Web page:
With fewer contractors in the market to compete, single bids will at times be inevitable, said Chad LaRue, executive director of the Kentucky Association of Highway Contractors.
And with the steep costs associated with entering the road paving market, any new competition is unlikely — unless it comes via consolidation or an out-of-state entity, he said.
“It’s very capital intensive,” LaRue said. “There is money to be made, but there is also risk.”
‘We don’t have bad contractors’
Asphalt contractors in Kentucky have been under scrutiny for decades.
Leonard Lawson, founder of Kentucky-based Mountain Enterprises, was indicted on antitrust charges in 2008 when federal prosecutors accused him of working with the Kentucky Transportation Cabinet to rig bids in favor of Mountain. A jury acquitted Lawson and his co-defendants — two state transportation cabinet officials, including the then-cabinet secretary, Bill Nighbert.
In 2017, West Virginia’s attorney general accused Mountain Enterprises, now under new ownership, of colluding to raise paving costs with other contractors.
The contractors had consolidated under the ownership of Oldcastle Inc., an Ireland-based corporation, and the contractors stopped bidding against each other.
The attorney general said that constituted an illegal monopoly that drove up costs.
The case ended with the largest antitrust settlement in state history. The settlement did not require the companies to admit to any wrongdoing.
Companies tied to the Lawson family came under scrutiny once again in 2017 when federal investigators raided the offices of ATS Construction and subsidiaries, all owned by Leonard Lawson’s son, Steve Lawson. The Transportation Cabinet confirmed at the time that it was cooperating with a federal antitrust investigation related to road contracts. It is unclear what became of the investigation and the cabinet didn’t respond to a question about it.
At the legislative hearing last month, the legislators rallied to the industry’s defense.
“We don’t have bad contractors,” said Rep. Sal Santoro, a Republican from Union. “I think we have outstanding contractors.”
Santoro filed a bill last year that proposed, in part, to reject any single bid submitted that’s above the state’s official estimates, but the legislation failed to pass out of committee.
He said single-bid contracts are inevitable. But he believes the state is getting its money’s worth in work.
That same year Santoro proposed the change, the state’s largest road contractors spent at least $102,000 employing some of the state’s most influential lobbyists. For example, Hinkle hired McCarthy Strategic Solutions, led by former Republican Party of Kentucky chair John McCarthy, for lobbying the legislative and executive branches.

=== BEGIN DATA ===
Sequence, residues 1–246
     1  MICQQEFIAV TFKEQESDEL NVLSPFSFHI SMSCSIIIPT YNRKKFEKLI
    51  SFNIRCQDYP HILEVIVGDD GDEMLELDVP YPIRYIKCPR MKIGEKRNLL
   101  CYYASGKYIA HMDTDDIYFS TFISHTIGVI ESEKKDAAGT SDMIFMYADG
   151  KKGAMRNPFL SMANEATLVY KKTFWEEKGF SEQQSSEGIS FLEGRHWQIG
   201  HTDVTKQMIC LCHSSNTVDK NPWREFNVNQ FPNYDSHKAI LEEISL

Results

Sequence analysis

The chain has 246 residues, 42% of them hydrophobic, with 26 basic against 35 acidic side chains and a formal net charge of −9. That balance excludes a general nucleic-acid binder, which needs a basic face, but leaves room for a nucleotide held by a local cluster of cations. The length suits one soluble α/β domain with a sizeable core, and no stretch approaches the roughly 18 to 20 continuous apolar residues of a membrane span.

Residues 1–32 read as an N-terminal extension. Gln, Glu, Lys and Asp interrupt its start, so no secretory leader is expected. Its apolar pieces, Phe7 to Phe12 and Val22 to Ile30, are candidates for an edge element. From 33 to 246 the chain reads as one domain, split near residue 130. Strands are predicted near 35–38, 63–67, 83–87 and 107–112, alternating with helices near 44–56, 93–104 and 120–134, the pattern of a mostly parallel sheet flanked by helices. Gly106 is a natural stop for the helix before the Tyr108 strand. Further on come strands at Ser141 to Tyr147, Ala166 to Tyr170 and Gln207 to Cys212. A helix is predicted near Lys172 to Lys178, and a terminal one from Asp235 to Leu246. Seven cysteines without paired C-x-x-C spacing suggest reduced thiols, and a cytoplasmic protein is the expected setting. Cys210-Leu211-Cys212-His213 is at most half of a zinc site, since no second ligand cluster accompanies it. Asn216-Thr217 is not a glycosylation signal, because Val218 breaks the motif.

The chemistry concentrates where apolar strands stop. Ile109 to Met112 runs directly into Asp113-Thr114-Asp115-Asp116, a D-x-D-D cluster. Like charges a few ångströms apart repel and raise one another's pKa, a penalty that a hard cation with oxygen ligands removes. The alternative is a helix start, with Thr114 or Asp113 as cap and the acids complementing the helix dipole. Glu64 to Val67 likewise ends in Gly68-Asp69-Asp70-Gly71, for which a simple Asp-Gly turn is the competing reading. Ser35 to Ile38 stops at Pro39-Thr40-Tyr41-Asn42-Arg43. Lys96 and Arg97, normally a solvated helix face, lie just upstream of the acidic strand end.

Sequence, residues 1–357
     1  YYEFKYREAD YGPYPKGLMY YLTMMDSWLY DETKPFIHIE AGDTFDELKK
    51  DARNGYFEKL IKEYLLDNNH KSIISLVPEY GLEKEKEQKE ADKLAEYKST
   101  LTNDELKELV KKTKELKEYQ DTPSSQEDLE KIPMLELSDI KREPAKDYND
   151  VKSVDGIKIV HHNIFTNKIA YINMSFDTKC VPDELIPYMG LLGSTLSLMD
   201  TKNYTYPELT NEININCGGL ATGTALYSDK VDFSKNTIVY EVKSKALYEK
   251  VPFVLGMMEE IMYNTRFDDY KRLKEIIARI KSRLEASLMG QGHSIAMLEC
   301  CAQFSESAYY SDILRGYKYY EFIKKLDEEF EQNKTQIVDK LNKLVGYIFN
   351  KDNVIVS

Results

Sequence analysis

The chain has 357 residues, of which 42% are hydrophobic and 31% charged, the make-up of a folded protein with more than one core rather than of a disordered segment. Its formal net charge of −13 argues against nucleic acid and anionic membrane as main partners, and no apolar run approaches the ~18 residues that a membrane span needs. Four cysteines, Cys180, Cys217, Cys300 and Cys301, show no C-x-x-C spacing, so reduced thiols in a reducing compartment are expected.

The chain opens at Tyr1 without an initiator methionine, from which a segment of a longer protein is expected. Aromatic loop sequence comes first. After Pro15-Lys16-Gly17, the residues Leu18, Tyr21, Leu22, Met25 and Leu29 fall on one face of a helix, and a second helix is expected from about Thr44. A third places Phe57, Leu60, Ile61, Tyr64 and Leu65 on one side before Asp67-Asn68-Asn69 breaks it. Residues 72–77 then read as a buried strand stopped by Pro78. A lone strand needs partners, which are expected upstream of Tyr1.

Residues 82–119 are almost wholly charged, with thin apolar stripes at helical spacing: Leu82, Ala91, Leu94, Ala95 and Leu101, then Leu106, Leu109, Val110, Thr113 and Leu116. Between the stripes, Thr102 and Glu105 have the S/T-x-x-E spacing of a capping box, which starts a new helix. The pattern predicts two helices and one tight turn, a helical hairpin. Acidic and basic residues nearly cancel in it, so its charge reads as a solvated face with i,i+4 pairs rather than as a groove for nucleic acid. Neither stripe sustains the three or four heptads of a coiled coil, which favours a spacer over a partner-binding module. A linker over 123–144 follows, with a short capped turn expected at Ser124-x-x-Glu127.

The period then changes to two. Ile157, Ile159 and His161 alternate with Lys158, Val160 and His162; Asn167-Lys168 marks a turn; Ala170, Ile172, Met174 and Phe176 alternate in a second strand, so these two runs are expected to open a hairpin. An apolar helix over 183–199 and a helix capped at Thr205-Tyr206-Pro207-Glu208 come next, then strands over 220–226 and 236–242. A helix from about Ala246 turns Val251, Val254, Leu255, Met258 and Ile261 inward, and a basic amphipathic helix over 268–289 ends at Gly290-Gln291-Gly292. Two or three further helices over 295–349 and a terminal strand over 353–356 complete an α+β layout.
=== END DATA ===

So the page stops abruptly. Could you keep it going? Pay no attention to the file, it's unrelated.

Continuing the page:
Sen. Jimmy Higdon, a Republican from Lebanon and chair of the interim transportation committee, said outside pressure is ever present in politics, and he hears from lobbyists everyday.
“To say they control our decisions is not true,” he said. “But do they play a role? Sure.”
State campaign data show that road contractors also play a role in funding political campaigns.
In the past two decades, employees at a dozen of the state’s largest road construction companies contributed more than $1.1 million — the vast majority to gubernatorial and legislative elections, according to Kentucky Registry of Election Finance data.
No candidate received more from road contractor employees than former Republican Gov. Matt Bevin, who reported more than $105,000 in statewide elections.
Democratic Gov. Andy Beshear took more than $30,000 in campaign contributions from the state’s largest road contractors during his bids for state attorney general and governor.
A spokesperson for state auditor Mike Harmon — a Republican candidate for governor who has no record of donations from road construction employees— said he has no plans to pursue an audit of construction contracts without a directive from the legislature.
The legislators who shot down McNeill’s request for an audit last month have taken, collectively, more than $112,000 from road construction firms over their careers.
McNeill, himself a registered lobbyist representing the Bluegrass Institute for Public Policy Solutions, thinks politics have helped insulate the industry from scrutiny.
“I’ve seen it done time and time again in Frankfort,” he said.
In an interview a few weeks after the meeting, Higdon, the chair of the committee, said “there’s not enough smoke here” to call for an audit of the state’s process for awarding single-bid contracts.
State transportation cabinet officials provided Higdon prior to the November meeting with data and a sheet of talking points that aimed to defend the state’s bidding process. Higdon said some “give and take” is expected in road construction costs.
“And it’s not particularly a problem,” he said.